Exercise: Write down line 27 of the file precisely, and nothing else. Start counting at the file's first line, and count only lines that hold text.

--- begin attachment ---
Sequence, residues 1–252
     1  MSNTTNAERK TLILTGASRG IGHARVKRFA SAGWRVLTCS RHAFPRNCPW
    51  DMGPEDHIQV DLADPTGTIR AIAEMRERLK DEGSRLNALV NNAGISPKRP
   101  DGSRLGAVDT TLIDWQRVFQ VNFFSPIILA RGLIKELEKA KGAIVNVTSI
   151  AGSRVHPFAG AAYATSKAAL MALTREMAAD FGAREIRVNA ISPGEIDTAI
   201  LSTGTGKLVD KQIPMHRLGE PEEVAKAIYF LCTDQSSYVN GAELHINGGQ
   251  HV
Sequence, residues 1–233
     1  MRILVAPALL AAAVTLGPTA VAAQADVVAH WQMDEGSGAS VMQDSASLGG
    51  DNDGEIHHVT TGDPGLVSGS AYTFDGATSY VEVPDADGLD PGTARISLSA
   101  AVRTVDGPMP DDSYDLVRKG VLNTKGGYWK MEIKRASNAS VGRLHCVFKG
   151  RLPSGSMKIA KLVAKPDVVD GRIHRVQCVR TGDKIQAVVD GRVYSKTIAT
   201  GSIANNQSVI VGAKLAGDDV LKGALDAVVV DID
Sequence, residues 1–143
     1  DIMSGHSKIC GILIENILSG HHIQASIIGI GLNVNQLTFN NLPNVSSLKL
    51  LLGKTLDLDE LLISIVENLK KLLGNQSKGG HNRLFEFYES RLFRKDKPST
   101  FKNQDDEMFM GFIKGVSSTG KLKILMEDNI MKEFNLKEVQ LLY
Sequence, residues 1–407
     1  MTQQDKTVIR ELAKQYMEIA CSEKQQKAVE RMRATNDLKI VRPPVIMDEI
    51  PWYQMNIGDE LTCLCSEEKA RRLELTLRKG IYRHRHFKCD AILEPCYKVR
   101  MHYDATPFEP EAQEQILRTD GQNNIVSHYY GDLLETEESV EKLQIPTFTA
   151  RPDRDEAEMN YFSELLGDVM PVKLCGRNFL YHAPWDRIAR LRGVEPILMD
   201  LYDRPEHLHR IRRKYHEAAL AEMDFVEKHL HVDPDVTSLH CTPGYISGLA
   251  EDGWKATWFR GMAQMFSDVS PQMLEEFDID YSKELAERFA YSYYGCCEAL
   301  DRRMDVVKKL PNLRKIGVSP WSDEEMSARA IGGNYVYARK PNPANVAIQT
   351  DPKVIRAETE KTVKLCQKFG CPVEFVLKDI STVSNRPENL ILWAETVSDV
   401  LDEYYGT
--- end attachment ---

   401  LDEYYGT